Let It Shine
Grand Lux Café, the upscale casual diner invented by Calabasas Hills, California-based The Cheesecake Factory Inc. , is being fitted into the Galleria in the north part of a pair of expansion wings flanking the Westin Hotel. The only other cities with Grand Lux are Chicago, Las Vegas and Los Angeles, which is somewhere near Hollywood. But that isn't the only restaurant to be shoehorned into the North Dallas shopping temple. At least two more restaurant deals--famous names from out-of-state operators--are "out for signature," or so says Galleria spokeswoman Angie Freed. This is all part of big mall nip-and-tuck. "It's massive," Freed says. "No surface on the inside will remain untouched." That includes handrails, floors and ceilings and the ice rink, which could mean it will get a hockey team power-forwarding in strappy Manolo Blahnik skates. What's certain is that the retrofit will bring Dallas the world's first Celine boutique dedicated solely to accessories and shoes. And there will be a new level-three "food cluster. "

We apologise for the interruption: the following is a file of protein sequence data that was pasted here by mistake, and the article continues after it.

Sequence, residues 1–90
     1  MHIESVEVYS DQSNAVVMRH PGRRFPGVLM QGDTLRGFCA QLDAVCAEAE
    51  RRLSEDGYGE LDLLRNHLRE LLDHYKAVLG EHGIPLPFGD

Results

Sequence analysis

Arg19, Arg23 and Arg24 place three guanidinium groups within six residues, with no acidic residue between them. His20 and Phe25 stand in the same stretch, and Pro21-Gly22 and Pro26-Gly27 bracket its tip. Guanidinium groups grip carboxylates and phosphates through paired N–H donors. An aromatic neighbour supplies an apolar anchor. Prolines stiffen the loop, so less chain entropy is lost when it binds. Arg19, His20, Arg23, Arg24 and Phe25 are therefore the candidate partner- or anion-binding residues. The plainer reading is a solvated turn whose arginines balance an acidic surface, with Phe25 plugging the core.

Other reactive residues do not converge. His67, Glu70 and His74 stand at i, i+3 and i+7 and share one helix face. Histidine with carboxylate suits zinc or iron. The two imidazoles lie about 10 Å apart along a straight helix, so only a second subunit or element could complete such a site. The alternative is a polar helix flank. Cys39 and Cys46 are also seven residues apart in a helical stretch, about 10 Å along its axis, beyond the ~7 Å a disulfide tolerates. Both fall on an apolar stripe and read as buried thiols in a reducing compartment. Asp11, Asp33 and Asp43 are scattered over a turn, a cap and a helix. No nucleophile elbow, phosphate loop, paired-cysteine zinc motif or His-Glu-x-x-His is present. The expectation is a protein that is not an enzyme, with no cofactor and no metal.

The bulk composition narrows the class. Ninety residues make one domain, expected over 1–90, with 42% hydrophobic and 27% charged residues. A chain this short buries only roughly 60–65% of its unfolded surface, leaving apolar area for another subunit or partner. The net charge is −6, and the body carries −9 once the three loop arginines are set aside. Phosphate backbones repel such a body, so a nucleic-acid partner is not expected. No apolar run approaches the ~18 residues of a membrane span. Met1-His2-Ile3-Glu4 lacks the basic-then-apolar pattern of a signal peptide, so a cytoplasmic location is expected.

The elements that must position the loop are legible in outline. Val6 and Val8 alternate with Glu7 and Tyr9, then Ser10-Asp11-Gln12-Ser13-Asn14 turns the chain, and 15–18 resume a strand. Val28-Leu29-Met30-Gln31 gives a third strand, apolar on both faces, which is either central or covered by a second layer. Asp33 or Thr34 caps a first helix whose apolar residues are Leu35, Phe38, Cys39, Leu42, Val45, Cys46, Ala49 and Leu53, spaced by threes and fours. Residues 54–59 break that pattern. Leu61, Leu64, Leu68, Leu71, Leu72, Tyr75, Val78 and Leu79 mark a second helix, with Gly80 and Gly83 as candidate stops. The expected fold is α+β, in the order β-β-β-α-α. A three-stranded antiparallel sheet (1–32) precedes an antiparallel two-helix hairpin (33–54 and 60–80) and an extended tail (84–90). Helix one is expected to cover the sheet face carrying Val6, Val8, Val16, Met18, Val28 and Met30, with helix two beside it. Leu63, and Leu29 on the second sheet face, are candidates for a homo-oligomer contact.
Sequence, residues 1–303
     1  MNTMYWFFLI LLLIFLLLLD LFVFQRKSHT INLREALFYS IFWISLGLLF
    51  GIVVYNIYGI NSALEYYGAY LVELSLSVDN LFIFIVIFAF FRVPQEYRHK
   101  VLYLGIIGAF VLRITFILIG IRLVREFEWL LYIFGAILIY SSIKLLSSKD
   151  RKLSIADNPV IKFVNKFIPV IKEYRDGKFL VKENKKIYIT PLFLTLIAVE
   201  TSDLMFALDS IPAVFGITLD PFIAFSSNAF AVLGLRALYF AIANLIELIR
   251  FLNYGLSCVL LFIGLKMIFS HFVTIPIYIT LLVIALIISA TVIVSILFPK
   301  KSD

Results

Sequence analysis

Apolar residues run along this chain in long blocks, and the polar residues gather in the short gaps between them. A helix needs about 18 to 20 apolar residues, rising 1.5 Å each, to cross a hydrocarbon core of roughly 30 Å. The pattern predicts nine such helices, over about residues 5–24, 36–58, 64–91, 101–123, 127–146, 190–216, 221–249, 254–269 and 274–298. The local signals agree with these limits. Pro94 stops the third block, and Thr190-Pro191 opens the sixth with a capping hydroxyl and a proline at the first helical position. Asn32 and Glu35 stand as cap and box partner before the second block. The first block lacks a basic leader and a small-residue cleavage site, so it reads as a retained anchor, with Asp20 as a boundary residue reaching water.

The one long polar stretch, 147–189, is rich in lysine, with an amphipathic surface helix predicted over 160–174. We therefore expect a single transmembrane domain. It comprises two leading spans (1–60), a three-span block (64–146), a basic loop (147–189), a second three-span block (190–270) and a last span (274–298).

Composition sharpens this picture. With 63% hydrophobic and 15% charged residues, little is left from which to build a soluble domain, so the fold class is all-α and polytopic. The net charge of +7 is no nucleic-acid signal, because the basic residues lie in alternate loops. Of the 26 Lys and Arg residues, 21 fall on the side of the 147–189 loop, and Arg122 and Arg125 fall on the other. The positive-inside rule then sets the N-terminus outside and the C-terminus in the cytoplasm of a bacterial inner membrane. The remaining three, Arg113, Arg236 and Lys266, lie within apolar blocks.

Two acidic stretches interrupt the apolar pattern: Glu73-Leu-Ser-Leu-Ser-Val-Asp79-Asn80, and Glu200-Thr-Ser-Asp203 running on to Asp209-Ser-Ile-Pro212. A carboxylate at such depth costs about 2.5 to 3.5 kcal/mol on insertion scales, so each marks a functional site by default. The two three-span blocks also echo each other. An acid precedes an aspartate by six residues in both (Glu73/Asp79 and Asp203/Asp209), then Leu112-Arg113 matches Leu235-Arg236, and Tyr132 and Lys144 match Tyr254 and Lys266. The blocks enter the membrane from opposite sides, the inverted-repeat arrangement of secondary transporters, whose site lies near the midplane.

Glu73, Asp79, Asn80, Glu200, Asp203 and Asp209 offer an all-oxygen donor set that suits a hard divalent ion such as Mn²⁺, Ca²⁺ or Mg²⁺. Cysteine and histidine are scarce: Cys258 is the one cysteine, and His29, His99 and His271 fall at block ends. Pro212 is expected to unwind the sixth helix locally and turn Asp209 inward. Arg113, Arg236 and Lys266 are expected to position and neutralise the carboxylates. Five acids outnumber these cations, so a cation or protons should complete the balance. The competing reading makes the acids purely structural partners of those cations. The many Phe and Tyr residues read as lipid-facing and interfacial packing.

Alexander Kybett, the chef who elbowed his way through some of Dallas' most power-tabled restaurants, including the late Star Canyon, the late Salvé! and Il Sole, is "Gettin' da' hell outta' Dodge, partner!" as he puts it in an e-mail. His stint as executive chef of Urban Tapas, the small-plates purveyor in The Village at Colleyville, a kind of tinker toy downtown, has come to an end. Kybett is currently panning for nosh gold in Phoenix. Urban Tapas owner Zach Hopkins says he has no immediate plans to replace Kybett, and he's taking over as kitchen manager and working the crew Kybett trained through a few menu changes. "I can cook," Hopkins says, "but I wouldn't call myself a chef by any means."... Peter Tarantino had hoped to be the first tenant to slip into the ground floor of the circa-1926 Davis Building on Main Street, which recently underwent a $36 million retrofitting with lofts and retail space. He had ambitions to craft a Spanish restaurant called Cava on the ground floor with his brother Patrick. But the consulting chef for Django says he had to shelve (temporarily, he insists) the project after the downtown buzz started wheezing, a fact underscored by the recent shuttering of Monica Greene's nascent Mexican restaurant Pegaso. Tarantino says he had a devil of a time parting money from potential investors. "We would go into certain establishments downtown on a Thursday night and there'd be four tables in there," he says of his venture capital-courting process. "And here I am trying to tell them downtown's happening."
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